Charlotte’s two candidates for mayor met for a debate Thursday at local PBS station WTVI. The city’s Capital Improvement Plan and the building of a streetcar were the most contentious topics, as they have been throughout the campaign.
Capital Improvement Plan
City councilman Patrick Cannon, the Democratic candidate, voted for the capital improvement plan. He argued the investment in neighborhoods and roads is worth a property tax increase of a little over 3 cents for every $100 in property.
“I would think that it’s worth three pennies to make sure we’re doing what we can for our corridors that are in distress, for the community overall, and providing connections that need to be had accordingly,” Cannon said.
"Yes, we need to continue to invest in the City of Charlotte and continue to build the infrastructure that we so desperately need as we grow,” Republican candidate and former city councilman Edwin Peacock said in his response. “We also must be mindful of where we are in this economy and how to move us forward. I don’t believe that moving us forward includes a tax increase at this time.”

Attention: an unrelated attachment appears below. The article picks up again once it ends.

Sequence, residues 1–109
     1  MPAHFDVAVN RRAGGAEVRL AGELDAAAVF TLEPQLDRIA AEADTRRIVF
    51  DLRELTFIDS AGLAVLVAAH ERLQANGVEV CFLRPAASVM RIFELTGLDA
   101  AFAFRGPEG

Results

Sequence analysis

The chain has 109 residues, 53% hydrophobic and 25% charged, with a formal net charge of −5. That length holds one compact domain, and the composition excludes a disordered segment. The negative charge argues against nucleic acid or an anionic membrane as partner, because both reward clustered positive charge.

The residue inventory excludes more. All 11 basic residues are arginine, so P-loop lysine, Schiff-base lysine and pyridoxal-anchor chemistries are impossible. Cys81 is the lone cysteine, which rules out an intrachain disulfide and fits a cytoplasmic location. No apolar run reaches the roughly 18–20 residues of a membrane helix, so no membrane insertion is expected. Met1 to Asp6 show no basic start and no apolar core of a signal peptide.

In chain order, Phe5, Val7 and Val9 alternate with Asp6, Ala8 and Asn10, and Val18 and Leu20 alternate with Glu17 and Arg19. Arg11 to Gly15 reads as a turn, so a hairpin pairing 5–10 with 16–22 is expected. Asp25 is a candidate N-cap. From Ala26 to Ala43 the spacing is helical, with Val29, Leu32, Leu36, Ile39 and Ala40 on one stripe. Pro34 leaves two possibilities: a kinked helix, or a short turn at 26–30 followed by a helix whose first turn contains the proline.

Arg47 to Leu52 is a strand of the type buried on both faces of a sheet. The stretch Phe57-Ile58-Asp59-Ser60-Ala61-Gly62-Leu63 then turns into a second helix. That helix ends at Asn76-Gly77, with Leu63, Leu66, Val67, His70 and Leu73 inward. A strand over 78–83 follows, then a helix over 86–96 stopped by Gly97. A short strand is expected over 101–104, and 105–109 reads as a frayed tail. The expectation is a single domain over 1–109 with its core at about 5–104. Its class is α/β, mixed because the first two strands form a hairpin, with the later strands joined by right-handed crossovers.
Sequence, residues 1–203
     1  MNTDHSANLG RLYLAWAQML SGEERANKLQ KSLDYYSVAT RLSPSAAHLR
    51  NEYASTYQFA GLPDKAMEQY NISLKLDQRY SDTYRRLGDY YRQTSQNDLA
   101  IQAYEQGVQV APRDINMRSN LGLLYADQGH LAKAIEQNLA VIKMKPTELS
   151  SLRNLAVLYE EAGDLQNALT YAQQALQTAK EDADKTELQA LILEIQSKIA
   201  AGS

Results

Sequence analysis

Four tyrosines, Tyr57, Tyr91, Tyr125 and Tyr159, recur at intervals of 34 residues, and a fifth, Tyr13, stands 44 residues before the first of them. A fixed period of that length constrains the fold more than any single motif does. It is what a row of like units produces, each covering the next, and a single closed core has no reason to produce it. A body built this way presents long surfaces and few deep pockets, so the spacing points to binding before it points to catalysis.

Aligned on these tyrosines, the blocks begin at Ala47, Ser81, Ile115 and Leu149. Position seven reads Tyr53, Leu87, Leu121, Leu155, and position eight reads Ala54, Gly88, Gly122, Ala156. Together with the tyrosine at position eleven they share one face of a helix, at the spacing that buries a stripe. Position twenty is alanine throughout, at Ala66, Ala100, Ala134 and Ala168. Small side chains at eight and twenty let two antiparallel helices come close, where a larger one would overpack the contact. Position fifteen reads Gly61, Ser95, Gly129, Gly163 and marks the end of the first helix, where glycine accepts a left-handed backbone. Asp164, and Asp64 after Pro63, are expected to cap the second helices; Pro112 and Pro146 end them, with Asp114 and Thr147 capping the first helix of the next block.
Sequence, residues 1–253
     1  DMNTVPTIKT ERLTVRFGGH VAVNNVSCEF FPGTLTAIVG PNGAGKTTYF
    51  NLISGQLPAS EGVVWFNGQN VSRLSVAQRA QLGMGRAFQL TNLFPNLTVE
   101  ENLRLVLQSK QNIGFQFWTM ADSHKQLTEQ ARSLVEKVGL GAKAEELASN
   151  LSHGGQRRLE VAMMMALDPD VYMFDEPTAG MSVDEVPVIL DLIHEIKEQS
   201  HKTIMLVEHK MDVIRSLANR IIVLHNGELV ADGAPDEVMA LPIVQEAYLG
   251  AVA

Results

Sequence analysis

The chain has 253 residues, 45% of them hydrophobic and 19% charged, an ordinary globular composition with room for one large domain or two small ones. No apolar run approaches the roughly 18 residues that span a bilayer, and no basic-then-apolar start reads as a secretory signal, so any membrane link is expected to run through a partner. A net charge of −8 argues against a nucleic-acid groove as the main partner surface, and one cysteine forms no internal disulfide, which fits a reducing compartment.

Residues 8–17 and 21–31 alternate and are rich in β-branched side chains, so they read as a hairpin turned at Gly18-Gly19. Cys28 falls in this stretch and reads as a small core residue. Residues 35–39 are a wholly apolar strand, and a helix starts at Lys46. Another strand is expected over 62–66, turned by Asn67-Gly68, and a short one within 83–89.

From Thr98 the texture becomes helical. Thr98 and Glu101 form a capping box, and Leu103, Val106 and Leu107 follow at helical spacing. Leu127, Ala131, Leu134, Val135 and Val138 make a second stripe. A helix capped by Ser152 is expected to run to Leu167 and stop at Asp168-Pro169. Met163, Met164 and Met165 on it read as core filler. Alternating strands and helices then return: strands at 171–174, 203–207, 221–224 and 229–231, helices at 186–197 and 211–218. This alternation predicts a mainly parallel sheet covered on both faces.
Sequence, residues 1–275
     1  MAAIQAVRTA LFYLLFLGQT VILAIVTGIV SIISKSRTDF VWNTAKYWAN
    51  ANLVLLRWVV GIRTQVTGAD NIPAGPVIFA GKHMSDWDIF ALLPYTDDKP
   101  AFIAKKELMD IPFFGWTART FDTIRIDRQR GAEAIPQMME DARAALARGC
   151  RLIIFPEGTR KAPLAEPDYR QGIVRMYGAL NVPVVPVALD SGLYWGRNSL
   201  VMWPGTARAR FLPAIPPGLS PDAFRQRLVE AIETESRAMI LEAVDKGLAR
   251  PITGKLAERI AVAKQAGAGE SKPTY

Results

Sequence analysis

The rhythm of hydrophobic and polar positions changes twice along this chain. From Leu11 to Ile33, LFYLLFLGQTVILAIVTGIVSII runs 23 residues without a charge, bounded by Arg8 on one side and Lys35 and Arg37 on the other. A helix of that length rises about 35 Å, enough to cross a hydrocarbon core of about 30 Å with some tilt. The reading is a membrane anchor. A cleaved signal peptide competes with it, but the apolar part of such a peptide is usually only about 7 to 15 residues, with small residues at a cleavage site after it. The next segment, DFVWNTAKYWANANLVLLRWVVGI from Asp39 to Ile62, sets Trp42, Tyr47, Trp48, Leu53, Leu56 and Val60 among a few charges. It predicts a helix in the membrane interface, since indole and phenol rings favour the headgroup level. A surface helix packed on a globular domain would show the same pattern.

Cannon also voted for a plan to fund a streetcar.
“We’re talking about creating 4,500 job opportunities, we’re talking about the development of 1.1 million square feet, and we’re talking about anywhere between $4 million to $7 million annually to reinvest back into our coffers,” he said.
But Cannon broke with former mayor Anthony Foxx and other Democrats last year to vote against using property taxes to fund a streetcar. Peacock tried to portray that as flip-flopping.
“His voting record is quite checkered as it relates to this,” Peacock said.
Cannon used one of three challenges to respond that he was not opposed to the streetcar. But, that was not the end. Peacock used one of his challenges.
“And, so we have a challenge to the challenge,” said WTVI director Amy Burkett, who moderated the debate.
Peacock used the challenge to discuss his opposition to the streetcar more in-depth. He does not believe the project gives the necessary bang for the buck.
“We know the half-cent sales tax is not enough to continue to build out and reduce congestion,” said Peacock.
As he was finishing, Cannon raised his yellow card.
“We have a challenge to the challenge to the challenge,” Burkett announced.
And, that was the last challenge of the night, as the conversation shifted to education, affordable housing, and the airport.
The full debate airs tonight at 8 p.m. on WTVI. The League of Women Voters and The Junior League of Charlotte also sponsored the event.